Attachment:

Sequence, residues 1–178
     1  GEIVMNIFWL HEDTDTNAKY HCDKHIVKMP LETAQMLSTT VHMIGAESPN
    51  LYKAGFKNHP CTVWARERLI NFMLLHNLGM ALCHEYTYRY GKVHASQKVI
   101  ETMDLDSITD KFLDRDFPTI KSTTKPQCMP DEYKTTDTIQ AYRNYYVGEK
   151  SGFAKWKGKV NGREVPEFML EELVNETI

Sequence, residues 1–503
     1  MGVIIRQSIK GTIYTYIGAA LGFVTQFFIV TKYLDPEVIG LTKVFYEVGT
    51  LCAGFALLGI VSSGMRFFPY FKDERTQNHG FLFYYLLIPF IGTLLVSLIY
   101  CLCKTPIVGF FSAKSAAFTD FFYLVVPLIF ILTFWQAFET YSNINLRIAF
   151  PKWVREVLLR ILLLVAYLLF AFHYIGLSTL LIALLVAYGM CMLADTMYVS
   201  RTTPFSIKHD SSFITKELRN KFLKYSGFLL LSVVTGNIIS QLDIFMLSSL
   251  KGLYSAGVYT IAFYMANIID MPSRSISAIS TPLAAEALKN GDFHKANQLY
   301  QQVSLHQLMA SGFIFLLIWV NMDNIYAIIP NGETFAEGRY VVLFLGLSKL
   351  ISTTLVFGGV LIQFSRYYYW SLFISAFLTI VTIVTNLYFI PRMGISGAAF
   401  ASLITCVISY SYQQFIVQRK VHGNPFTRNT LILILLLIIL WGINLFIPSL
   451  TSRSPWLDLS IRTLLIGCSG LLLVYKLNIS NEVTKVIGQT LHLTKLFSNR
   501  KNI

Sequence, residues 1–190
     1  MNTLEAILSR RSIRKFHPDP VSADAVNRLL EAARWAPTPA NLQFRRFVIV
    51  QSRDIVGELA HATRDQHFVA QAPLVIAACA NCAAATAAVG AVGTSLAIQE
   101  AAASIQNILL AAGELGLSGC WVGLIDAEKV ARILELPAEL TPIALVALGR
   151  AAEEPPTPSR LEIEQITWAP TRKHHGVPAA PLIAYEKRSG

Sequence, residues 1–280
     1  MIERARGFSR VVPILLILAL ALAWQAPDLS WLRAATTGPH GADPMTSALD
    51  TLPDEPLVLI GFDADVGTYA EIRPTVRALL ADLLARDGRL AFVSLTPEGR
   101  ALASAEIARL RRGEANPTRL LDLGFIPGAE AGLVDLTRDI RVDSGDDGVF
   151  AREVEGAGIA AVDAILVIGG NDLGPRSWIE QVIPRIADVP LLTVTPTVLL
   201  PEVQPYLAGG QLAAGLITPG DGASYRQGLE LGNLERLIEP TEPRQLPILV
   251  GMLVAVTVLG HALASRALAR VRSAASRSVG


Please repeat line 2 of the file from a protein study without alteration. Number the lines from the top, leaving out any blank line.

     1  GEIVMNIFWL HEDTDTNAKY HCDKHIVKMP LETAQMLSTT VHMIGAESPN